János Kardos

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János Kardos, also known in Slovene as Janoš Kardoš (around February 13, 1801 Újtölgyes, Kingdom of Hungary, today Noršinci, Slovenia – August 12, 1875 Őrihodos, Austria-Hungary, today Hodoš, Slovenia) was a Hungarian Slovenian Lutheran priest, teacher, and writer.

He worked and lived in Hodoš, in what was then known as the Slovene March and is today referred to as Prekmurje. After finishing studies in theology in Vienna, he returned to his homeland and wrote and translated several ecclesiastical books and schoolbooks. Kardos was the first to translate works by Hungarian writers and poets from Hungarian into the Prekmurje dialect. Among others, he translated works by Sándor Petőfi, János Arany, Mór Jókai, Sándor Kisfaludy, and Mihály Vörösmarty.

Works[edit]

  • D. Luther Martina máli kátekismus ali glavni návuk szvéte vere krsztsanszke (Martin Luther's Little Catechism, or the Main Tenet of the Holy Christian Religion, 1837)
  • Krátki návuk krsztsansztva (Little Tenet of Christianity, 1837)
  • Mála historia bibliszka ali Sz. Píszma Mêsta prígodna (Little History of the Bible, 1840)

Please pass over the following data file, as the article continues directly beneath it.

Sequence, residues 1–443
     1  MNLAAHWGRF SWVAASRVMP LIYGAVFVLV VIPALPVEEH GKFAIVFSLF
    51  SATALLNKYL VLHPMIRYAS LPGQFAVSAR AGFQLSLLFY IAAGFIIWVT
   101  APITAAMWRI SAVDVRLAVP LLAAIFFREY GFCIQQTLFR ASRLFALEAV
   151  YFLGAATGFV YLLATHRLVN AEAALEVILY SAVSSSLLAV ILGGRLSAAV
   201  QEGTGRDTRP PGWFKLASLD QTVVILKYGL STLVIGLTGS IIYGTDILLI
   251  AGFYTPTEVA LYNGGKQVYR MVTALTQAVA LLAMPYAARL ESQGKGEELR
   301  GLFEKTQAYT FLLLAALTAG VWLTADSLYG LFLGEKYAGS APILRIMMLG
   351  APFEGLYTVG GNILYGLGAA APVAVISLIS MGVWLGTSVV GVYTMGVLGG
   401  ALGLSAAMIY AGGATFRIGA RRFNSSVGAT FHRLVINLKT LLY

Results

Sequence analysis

• Krsztsanszke czerkevne peszmi (Christian Hymns, 1848)
  • Krsztsanszke mrtvecsne peszmi (Christian Dirges, 1848)
  • Mrtvecsne nôve molitvi (New Prayers for the Dead, manuscript 1850)
  • Pobo'zne molítvi za poszebno csészt bo'zo (1853)
  • Krsztsanszke mrtvecsne peszmi (1855)
  • ABC ali Návuk na píszajôcs-cstenyé za szlovenszke vucsevnice vödáni (Primer for Writing and Reading for Slovene Scholars, 1867)
  • D. Luther Martina máli kátekismus ali glavni návuk szvéte vere krsztsanszke (1875)
  • Krsztsanszke czerkevne peszmi (1875)
  • D. Luther Martina Máli kátekismus ali Glávni návuk szvéte vere krsztsanszke (1902)
  • Krsztsanszke czerkevne peszmi (1908)
  • Toldi: versusko pripovedávanje' '(Toldi: A Rhyming Narrative, 1921)
  • Moses i Josua (Moses and Joshua, 1926–1927), published in the Lutheran periodical Düševni list
  • Krsztsanszke mrtvecsne peszmi (1929)
  • Evangeliomszke vere ino cérkvi obcsinszki prigodi (1932)

See also[edit]